Did the 134 pitches take a toll? After getting lit up by the Yankees last week, Johan Santana gave up four runs in five-plus innings Thursday versus the Rays in his second start since his no-hitter.
The 134 pitches Santana threw in shutting down the Cardinals were a career high for the left-hander, who was handled carefully during the first two months in his first season back from shoulder surgery. Pitching on six days’ rest last Friday, he gave up six runs and four homers in five innings in a loss to the Yankees. Today, working on five days’ rest, he got a win, but he allowed four runs in five-plus innings.
It actually should have been worse. Santana loaded the bases with no outs in the sixth, giving up a single to Hideki Matsui, a double to Ben Zobrist and a walk to Matt Joyce. Jon Rauch took over and managed to strand all three runners by getting two strikeouts and then a groundout.
Santana threw just 51 of his 95 pitches for strikes in this one. He issued four walks, his second highest total of the season (he walked five in the no-hitter).
Santana’s ERA has jumped from 2.38 to 3.23 since the no-no and would be higher if not for Rauch’s effort. The Mets have to be hoping its an aberration, not a trend. Santana and R.A. Dickey have been an outstanding one-two punch so far, but Santana needs to return to May form to keep that up.
The Cardinals have always emphasized building from within. In the 2016-17 offseason, however, they may end up being one of the bigger free agent buyers. At least according to some informed speculation.
St. Louis is already in agreement with Dexter Fowler. But Derrick Goold and Ben Frederickson of the St. Louis Post-Dispatch write today that the Cardinals “could become more aggressive than previously believed,” with Mark Trumbo and Edwin Encarnacion as “possible pursuits.” Worth noting that separate reports alleged some interest on the part of the Cards front office in free agent third baseman Justin Turner.
The Cardinals are already losing their first round pick due to the Fowler signing, so any other top free agent won’t cost them more than the money he’s owed. And as far as money goes, the Cardinals have a great deal of it, despite being a small market team. They have a billion dollar TV deal coming online and Matt Holliday and Jaime Garcia are off the payroll now. Spending big on a free agent or three would not cripple them or anything.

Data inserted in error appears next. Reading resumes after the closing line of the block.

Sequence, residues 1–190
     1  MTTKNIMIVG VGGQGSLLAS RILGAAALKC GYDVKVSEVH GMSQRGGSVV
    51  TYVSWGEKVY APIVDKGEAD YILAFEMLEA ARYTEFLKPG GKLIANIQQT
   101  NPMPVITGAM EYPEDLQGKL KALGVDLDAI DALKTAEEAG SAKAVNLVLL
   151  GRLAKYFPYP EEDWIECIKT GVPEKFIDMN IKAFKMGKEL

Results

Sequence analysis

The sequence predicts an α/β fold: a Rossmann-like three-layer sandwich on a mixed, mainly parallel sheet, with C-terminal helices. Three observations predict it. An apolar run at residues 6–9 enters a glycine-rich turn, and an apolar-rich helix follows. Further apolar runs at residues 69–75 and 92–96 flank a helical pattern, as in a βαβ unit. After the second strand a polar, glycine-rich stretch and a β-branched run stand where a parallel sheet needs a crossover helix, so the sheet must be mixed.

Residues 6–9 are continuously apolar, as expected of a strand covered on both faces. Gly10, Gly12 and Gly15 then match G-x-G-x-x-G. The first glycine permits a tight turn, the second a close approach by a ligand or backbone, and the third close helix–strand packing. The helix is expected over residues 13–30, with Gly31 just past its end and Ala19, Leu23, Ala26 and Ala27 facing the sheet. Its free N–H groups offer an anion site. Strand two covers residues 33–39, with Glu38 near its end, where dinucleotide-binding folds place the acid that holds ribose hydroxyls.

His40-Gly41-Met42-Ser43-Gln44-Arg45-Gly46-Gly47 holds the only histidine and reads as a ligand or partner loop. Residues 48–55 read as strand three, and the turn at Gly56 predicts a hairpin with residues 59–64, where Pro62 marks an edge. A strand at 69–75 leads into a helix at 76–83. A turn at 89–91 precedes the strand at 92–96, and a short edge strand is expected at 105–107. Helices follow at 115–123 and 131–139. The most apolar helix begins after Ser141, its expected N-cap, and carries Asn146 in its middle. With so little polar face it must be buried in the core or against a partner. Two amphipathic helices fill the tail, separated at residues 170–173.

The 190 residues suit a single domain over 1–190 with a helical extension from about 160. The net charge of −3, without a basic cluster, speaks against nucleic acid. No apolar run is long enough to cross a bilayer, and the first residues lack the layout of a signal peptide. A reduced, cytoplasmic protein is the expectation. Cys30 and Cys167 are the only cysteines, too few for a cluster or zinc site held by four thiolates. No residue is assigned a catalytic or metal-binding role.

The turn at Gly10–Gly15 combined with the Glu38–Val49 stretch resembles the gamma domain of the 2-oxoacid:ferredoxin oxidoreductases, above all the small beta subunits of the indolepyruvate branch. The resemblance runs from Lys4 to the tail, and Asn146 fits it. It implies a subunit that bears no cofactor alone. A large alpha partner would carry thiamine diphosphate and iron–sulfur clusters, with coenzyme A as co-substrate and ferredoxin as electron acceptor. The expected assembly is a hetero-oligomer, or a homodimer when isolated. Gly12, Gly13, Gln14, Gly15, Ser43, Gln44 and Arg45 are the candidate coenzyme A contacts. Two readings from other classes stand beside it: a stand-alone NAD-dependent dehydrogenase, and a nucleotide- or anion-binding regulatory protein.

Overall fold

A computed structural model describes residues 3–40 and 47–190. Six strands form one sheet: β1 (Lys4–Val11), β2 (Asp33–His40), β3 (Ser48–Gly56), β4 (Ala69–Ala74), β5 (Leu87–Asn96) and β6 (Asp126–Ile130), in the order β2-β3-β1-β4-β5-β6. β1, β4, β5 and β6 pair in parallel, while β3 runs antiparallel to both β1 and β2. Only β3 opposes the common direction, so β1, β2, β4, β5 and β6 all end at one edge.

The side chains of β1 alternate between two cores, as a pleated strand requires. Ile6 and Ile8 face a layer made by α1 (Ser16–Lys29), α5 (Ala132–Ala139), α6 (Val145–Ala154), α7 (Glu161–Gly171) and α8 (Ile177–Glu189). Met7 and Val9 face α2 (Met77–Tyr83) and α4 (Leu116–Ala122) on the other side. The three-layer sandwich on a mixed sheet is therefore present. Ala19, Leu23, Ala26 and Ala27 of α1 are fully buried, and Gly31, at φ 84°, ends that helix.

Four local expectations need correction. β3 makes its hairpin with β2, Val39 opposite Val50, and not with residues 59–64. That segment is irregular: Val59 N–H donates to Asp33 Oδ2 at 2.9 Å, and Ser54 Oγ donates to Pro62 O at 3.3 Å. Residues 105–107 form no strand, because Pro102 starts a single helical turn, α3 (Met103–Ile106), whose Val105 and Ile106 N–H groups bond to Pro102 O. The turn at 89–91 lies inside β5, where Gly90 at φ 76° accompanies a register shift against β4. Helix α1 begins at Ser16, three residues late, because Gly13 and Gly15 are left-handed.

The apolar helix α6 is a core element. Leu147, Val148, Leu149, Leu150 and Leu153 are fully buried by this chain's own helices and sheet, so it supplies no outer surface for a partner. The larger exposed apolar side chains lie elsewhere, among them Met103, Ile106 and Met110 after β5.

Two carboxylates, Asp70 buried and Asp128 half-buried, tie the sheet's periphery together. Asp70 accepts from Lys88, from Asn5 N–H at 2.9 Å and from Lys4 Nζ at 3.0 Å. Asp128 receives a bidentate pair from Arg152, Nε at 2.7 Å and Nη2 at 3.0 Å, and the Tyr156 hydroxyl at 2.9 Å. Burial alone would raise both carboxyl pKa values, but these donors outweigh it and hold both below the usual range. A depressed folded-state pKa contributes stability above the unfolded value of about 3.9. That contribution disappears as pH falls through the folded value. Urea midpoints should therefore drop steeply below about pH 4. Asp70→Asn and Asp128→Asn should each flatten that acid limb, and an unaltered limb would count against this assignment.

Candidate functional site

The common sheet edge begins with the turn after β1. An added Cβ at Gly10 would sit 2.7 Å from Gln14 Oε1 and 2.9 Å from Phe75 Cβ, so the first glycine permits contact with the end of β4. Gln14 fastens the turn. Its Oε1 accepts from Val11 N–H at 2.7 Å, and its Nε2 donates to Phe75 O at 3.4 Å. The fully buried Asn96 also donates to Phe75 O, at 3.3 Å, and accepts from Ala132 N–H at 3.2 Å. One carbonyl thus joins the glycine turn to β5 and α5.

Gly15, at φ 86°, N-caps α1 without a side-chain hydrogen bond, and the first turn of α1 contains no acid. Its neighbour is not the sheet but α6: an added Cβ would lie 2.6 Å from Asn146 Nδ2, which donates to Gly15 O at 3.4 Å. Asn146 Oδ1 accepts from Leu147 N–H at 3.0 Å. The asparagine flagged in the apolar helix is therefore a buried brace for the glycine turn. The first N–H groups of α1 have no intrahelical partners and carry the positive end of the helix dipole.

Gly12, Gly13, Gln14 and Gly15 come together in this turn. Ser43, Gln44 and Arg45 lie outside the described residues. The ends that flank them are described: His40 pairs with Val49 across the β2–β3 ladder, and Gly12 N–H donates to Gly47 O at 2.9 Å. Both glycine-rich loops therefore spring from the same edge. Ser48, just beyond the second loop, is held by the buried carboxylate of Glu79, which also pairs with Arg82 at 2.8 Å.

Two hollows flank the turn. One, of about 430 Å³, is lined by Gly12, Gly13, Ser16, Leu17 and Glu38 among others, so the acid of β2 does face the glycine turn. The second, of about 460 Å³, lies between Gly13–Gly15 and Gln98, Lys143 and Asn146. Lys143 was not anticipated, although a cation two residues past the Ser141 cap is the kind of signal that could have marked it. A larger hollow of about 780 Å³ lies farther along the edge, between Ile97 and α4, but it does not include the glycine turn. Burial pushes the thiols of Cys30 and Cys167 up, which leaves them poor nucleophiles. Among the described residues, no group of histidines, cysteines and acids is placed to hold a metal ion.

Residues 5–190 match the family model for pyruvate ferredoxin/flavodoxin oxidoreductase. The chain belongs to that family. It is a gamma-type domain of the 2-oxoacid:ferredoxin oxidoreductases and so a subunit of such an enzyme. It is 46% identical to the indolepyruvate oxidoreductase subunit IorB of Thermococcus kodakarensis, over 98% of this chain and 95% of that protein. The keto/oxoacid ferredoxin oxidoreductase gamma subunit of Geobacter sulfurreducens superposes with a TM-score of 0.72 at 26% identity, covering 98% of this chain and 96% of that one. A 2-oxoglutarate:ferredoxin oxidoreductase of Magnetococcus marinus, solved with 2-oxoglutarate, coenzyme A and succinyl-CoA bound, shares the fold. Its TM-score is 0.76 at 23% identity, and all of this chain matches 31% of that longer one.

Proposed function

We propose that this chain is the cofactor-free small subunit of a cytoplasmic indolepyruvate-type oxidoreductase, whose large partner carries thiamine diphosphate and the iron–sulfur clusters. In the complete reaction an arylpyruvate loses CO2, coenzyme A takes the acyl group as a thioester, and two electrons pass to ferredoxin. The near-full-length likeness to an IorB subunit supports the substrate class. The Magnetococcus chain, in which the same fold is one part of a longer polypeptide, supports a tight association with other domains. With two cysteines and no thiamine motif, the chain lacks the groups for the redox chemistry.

Encarnacion or Trumbo would be first baseman, which wold fly in the face of the Cards’ move of Matt Carpenter to first base (and, at least as far as Encarnacion goes, would fly in the face of good defense). Getting either of them would push Carpenter back to second, displacing Kolten Wong, or over to third, displacing Jhonny Peralta. If you’re going to do that, I’d say that Turner would make more sense, but what do I know?
Either way, the Cardinals may be entering a pretty interesting phase of their offseason now. And an unfamiliar one as, quite possibly, the top free agent buyer on the market.
There is literally nothing you could tell me that the incoming administration is considering which would shock me anymore. As such, I saw this story when I woke up this morning, blinked once, took a sip of coffee, closed the browser window and just went on with my morning, as desensitized as a wisdom tooth about to be yanked.
Rob Bradford of WEEI.com reports that Former Red Sox, Mets and Rangers manager Bobby Valentine is on a short-list of candidates for the job of United States Ambassador to Japan:
The 66-year-old, who currently serves as Sacred Heart University’s athletics director, has engaged in preliminary discussions with President-elect Donald Trump’s transition team regarding the position.
When contacted Thursday night, Valentine refused comment.
Huh. Given his history, I’d have assumed Valentine would be a better choice for the CIA, but what do I know?
Valentine managed the Chiba Lotte Marines of Japan’s Pacific League for six seasons, leading the team to a championship in 2005. He also knows the current prime minister of Japan, Shinzo Abe, as both went to USC. Assuming championship teams meet the country’s leader in Japan like they do in the United States, Valentine has at least twice the amount of experience with top political leaders than does, say, Ned Yost, so that’s something.
The former manager, more importantly, is friends with Donald Trump’s brother, with the two of them going way back. Which, given how this transition is going, seems like a far more important set of qualifications than anything else on this list.